“The parallels to today’s fiat money system operated in the US by the Federal Reserve are stark. Just as the first world war cut Britain and Germany off from their classical gold standard, America’s spending spree of the 1960s, particularly in respect of financing the Vietnam war led the US to print more dollars than could be redeemed for gold at the rate of $35 per ounce. Thus, in 1971 Nixon closed the gold window and ever since then, the dollar has been based on fiat rather than on sound money.
“Today, whenever policy makers desire economic growth and high employment, their solution is simply to print money. This of course was ultimately Hitler’s economic solution.
“This printed money however does little else in the long term aside from creating the kind of economic bubble which ultimately lead to Germany invading other countries for their resources.
“Debt is dangerous because inevitably, the market will call the bluff of the money printers. It happened with Germany’s MEFO scam and it will eventually happen to the United States.”
“The U.S. Federal Reserve’s balance sheet could end up between $3.8 trillion (3.1 trillion pounds) and $4.7 trillion by 2025, according to projections collected by the New York Fed…
“To keep control of rates, officials will eventually have to start buying bonds again and building up bank reserves. The latest estimates are based on multiple scenarios of how quickly parts of the Fed’s liabilities will grow…”
US manufacturing PMI was 49.1 for August, weaker than all the forecasts. And the new orders index was down at 47.2:
“The stress for the beleaguered oil firms keeps growing, as they struggle to cushion debt, find new ways to earn and refinance existing financial burdens.
“The once-thriving shale industry has been under strict monitoring by Wall Street observers in the last 18 months, adding more pressure for the companies as investor interest continues to fade following years of dismal profits due to failure to meet the cost of capital with oil prices dropping to $60 per barrel.”
“The Chinese people think President Donald Trump’s comments on the trade war between the world’s two largest economies are “perplexing and exhausting,” a state-run television anchor said Tuesday…
“Additional duties on products, such as smartphones and laptops, are set to go into place Dec. 15.”
“HNA Group’s cash pile shrank 20 times faster than its debts, indicating that pressure is building for one of China’s most indebted conglomerates to speed up asset sales.
“Cash, equivalents and short-term investments as of the end of June tumbled 61 per cent from a year earlier…”
“Hong Kong is on the verge of a recession as its private sector activity plunged to a decade-low in August amid an escalating trade war and its worst political crisis in decades.
“The business survey, released on Wednesday, noted “the steepest deterioration in the health of the private sector since February 2009”, adding that spreading pessimism had seen business confidence slump to its lowest on record.”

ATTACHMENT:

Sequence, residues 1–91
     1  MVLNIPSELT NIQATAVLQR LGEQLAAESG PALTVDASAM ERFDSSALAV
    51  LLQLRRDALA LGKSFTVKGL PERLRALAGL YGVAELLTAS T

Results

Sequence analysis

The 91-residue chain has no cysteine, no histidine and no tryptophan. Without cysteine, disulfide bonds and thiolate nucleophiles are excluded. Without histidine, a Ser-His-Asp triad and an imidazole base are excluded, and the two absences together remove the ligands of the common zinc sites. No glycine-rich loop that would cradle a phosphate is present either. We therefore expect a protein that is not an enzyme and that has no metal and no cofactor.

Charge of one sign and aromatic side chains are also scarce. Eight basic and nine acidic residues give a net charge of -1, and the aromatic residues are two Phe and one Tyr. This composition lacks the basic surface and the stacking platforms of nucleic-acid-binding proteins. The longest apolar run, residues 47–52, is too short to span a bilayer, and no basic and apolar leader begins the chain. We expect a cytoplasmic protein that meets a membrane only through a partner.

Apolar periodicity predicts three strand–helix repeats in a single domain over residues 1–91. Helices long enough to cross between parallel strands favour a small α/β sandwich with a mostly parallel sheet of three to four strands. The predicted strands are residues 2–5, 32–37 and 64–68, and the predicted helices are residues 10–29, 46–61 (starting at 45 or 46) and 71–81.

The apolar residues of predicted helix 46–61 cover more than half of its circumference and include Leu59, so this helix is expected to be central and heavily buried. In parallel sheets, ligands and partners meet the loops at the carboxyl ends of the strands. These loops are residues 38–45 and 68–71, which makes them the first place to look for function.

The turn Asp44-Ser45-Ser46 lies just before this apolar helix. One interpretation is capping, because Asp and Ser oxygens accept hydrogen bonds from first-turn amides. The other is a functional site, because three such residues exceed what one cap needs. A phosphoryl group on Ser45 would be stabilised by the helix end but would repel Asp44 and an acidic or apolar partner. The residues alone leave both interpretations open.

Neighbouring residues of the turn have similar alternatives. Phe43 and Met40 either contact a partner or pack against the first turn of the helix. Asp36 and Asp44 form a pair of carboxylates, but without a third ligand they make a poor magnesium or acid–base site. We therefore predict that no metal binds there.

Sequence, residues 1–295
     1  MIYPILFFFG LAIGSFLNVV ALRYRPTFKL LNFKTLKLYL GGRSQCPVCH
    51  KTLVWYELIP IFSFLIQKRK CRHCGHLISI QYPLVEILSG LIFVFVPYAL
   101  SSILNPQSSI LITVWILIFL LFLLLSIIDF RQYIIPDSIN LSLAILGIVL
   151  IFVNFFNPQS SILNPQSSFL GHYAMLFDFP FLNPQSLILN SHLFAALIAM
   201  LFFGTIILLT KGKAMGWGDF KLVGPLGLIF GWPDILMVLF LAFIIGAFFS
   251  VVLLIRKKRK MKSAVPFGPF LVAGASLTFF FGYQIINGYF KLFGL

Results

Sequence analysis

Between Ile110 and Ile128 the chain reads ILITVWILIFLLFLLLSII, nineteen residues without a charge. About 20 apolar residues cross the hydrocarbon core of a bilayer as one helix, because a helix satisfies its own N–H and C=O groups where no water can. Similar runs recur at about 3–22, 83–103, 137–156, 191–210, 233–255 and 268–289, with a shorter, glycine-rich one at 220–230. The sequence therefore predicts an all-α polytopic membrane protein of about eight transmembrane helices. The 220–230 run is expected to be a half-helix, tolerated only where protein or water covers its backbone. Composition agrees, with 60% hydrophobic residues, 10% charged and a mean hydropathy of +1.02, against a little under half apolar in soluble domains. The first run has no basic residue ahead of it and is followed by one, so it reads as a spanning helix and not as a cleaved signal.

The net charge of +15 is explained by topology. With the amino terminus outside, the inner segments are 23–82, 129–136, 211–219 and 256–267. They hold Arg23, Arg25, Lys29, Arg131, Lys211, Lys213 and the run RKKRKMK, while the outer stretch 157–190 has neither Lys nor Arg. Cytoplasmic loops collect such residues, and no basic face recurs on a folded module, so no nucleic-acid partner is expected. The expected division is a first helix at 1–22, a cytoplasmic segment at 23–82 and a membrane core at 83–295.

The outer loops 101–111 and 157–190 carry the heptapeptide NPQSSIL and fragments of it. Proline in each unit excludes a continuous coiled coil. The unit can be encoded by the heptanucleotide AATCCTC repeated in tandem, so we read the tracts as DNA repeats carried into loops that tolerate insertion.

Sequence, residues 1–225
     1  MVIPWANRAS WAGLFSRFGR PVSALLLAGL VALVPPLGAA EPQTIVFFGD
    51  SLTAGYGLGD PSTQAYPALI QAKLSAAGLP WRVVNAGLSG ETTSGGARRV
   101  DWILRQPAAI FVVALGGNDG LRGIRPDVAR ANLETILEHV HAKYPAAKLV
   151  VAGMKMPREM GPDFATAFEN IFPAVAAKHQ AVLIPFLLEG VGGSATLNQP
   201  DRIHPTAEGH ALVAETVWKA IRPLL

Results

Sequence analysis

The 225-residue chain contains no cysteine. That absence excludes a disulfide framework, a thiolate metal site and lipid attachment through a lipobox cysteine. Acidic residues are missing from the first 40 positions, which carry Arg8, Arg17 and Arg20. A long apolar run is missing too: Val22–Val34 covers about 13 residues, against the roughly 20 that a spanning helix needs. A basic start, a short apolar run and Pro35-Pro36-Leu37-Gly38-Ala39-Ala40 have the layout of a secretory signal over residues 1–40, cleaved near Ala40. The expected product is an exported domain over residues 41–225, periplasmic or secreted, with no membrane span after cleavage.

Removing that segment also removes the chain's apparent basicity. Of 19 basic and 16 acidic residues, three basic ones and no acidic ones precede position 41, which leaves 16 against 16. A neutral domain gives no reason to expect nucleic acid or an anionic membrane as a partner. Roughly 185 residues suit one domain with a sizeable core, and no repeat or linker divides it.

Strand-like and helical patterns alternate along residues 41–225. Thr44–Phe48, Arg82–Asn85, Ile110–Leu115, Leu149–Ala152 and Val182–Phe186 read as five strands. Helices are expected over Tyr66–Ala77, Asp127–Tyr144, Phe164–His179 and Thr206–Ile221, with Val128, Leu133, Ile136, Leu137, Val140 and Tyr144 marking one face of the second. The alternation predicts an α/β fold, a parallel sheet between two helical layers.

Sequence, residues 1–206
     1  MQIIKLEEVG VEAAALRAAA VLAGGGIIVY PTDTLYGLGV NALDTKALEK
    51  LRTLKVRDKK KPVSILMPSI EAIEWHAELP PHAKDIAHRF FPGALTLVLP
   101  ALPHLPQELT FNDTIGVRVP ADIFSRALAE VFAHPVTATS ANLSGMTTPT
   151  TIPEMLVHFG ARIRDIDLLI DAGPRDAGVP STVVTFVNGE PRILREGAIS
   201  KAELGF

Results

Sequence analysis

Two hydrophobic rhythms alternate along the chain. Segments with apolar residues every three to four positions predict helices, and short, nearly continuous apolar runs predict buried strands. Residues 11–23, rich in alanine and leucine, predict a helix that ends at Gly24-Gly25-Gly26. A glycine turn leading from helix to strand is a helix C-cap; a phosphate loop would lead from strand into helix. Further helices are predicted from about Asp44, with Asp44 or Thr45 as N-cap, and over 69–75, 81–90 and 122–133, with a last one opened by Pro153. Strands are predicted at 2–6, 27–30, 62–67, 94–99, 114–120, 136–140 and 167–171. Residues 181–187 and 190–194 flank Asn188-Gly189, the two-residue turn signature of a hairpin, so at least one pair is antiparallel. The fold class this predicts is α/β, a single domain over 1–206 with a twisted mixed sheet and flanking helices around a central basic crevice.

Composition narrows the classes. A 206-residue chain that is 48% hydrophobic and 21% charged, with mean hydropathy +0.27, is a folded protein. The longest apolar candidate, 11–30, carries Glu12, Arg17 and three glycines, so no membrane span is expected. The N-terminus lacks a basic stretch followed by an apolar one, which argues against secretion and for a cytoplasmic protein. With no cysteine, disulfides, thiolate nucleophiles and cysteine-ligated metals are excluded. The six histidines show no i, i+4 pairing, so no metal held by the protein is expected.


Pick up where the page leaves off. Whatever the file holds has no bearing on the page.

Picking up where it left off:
“India’s shadow banks are getting increasingly squeezed by a crisis of confidence at home, forcing them to cough up more for funds overseas. And that’s just for the lucky ones.
“The non-bank financing companies have struggled to raise as much abroad this year, as defaults in India’s credit market spread after a shock failure by major shadow lender IL&FS Group last year.”
“[India]s] BSE benchmark Sensex crashed nearly 770 points and the NSE Nifty tumbled over 225 points on September 3 due to panic sell-offs across the board as investors fretted over deepening economic crisis and ever-lasting global trade tussle.
“A slew of recent macroeconomic data on GDP, core sectors and auto sales are pointing towards a deepening economic rout in the country.”
“Lebanon’s political leaders declared what they called an economic state of emergency Monday following a meeting aimed at finding a solution to the country’s economic crisis, raising concerns that more taxes will be imposed. Lebanon has one of the world’s highest public debts in the world…”
“Zimbabwean public sector doctors went on strike on Tuesday for the second time in less than a year to demand a further salary increase amid soaring living costs, as President Emmerson Mnangagwa’s government struggles with a deteriorating economy… Zimbabwe is mired in its worst economic crisis in a decade, with triple-digit inflation, rolling power cuts and shortages of U.S. dollars, basic goods, medicines and fuel.”
“Chile’s central bank cut its benchmark interest rate to a nine-year low, and hinted on more reductions, in a bid to stimulate an economy that has been caught between a global trade war and weakening domestic demand.”
“Australia’s economy grew at its slowest annual pace since the financial crisis in the second quarter, dragged down by weak consumer spending and a sharp contraction in housing construction to a pace well below that needed to put a dent in unemployment.”
“The contraction in the U.K. construction industry gathered pace in August as increased political uncertainty saw new orders fall at fastest pace in more than ten years.”
“Copper is often looked to as an indicator of global economic health, due to its wide-spread use across most homes and economic sectors. Its ability to signal economic growth and downturns alike led to the term Doctor Copper.”
““The current downturn in the global manufacturing sector was extended to a fourth month in August. New orders contracted at the joint-fastest rate in nearly seven years, led by the steepest reduction in international trade volumes since late-2012.
“The outlook also darkened, with business optimism dropping to its lowest level since it was first tracked by the survey in July 2012…
“Over half of the nations covered by the survey had a PMI reading below the 50.0 mark… Manufacturing employment declined for the fourth successive month in August.”